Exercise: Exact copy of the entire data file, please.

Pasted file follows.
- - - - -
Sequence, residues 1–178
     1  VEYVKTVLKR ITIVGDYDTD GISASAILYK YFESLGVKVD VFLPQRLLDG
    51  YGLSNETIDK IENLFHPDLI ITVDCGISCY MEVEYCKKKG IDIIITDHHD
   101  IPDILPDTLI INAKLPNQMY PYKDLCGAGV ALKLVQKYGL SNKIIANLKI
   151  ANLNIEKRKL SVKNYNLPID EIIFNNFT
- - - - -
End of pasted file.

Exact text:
Sequence, residues 1–178
     1  VEYVKTVLKR ITIVGDYDTD GISASAILYK YFESLGVKVD VFLPQRLLDG
    51  YGLSNETIDK IENLFHPDLI ITVDCGISCY MEVEYCKKKG IDIIITDHHD
   101  IPDILPDTLI INAKLPNQMY PYKDLCGAGV ALKLVQKYGL SNKIIANLKI
   151  ANLNIEKRKL SVKNYNLPID EIIFNNFT